The rise of the practice of telling stories to illustrate theological claims does come with a greater awareness of our role in making meaning. It arises with a loss of confidence in the givenness of the meanings we experience. But to take the loss of the experience of givenness as a sign that there is no givenness is to engage in exactly the idealism that this perspective criticizes in mythological thinking. Such a conflation confuses our experience of the world with the world itself. O’Connor’s near contemporary Saul Bellow named this dynamic precisely. “The educated speak of the disenchanted (a boring) world,” he wrote. “But it is not the world, it is my own head that is disenchanted. The world cannot be disenchanted.”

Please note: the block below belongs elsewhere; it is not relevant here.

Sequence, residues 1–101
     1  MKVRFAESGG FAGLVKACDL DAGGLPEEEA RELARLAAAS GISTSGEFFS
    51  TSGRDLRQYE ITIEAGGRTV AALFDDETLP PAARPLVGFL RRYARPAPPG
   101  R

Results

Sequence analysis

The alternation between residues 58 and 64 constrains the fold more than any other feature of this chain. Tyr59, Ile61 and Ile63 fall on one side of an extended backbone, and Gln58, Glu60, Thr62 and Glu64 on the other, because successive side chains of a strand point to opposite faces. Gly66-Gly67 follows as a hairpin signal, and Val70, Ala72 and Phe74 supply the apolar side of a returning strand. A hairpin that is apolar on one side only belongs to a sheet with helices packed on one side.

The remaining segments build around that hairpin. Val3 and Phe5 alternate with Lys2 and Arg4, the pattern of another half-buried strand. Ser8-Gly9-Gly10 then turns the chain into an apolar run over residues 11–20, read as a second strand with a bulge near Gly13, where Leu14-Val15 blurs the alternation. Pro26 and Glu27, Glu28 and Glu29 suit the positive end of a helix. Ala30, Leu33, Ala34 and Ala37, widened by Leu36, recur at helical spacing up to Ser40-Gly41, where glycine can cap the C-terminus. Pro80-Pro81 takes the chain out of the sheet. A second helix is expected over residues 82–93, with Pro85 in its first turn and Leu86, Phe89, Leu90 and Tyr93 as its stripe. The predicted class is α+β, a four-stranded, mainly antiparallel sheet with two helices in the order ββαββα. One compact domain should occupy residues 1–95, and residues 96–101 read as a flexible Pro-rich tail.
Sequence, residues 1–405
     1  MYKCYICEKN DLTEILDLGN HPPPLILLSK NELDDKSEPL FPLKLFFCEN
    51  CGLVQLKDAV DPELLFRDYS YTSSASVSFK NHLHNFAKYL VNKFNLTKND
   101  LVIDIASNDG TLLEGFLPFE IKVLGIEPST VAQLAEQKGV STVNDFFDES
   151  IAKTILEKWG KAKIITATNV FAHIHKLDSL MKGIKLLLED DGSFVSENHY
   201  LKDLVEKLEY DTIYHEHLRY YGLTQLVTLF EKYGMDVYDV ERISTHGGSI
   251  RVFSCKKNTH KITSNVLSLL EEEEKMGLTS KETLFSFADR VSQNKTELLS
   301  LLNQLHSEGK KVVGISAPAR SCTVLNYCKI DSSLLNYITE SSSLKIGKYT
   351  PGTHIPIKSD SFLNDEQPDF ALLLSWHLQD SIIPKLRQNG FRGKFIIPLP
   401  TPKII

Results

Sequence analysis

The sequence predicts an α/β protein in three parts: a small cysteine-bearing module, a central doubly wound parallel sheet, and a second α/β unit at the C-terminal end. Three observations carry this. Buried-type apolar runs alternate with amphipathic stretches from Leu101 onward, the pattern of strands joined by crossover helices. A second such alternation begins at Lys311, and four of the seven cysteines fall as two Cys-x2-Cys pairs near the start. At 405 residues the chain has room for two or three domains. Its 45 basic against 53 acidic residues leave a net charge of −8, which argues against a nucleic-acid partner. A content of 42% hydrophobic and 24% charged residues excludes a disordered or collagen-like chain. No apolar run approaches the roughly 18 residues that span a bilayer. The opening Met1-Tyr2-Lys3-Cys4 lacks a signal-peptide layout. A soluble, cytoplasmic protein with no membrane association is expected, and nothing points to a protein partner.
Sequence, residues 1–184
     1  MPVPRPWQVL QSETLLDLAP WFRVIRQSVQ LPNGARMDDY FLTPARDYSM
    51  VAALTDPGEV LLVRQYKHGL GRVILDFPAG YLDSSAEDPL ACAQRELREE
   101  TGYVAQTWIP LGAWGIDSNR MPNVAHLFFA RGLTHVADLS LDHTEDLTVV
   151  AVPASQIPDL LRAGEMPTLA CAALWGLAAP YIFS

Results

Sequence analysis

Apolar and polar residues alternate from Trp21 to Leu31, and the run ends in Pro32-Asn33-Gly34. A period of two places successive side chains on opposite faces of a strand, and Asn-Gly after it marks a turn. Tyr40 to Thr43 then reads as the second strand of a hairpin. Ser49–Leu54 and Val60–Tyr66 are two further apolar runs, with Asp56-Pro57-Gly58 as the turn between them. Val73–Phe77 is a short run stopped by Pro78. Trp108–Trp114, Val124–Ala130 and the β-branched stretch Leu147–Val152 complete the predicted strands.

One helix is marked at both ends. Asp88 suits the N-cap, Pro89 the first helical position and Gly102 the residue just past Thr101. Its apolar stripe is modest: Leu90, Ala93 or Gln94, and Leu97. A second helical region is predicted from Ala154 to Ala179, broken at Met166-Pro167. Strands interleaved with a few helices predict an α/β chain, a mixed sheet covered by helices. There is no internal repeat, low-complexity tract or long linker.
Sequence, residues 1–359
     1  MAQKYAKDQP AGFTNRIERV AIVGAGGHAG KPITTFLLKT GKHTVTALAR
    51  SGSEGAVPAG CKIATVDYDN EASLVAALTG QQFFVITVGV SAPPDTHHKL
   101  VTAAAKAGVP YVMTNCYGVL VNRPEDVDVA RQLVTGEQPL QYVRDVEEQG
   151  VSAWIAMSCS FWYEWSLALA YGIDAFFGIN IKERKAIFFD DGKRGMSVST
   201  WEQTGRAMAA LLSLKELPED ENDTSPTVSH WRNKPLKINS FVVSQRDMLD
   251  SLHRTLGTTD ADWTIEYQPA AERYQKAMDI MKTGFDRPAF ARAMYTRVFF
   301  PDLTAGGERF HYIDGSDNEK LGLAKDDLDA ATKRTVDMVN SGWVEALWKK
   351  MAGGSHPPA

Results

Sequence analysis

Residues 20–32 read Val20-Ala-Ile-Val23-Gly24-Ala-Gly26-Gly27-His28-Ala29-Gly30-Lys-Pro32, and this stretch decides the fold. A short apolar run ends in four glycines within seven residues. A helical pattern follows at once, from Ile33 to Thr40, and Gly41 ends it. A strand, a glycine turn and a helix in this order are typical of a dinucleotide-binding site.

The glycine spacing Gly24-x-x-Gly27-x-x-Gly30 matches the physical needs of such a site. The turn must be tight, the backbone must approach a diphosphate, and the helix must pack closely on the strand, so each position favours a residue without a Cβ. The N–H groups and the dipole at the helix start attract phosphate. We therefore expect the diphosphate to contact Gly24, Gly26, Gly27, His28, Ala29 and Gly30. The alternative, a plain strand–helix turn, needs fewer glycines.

October 5, 2015
The world cannot be disenchanted
This entry was posted on Monday, October 5th, 2015 at 7:54 pm and tagged with Flannery O'Connor, jeremiad, Jonathan Edwards, preaching and posted in Knowledge, Language, Religion. You can follow any responses to this entry through the RSS 2.0 feed.
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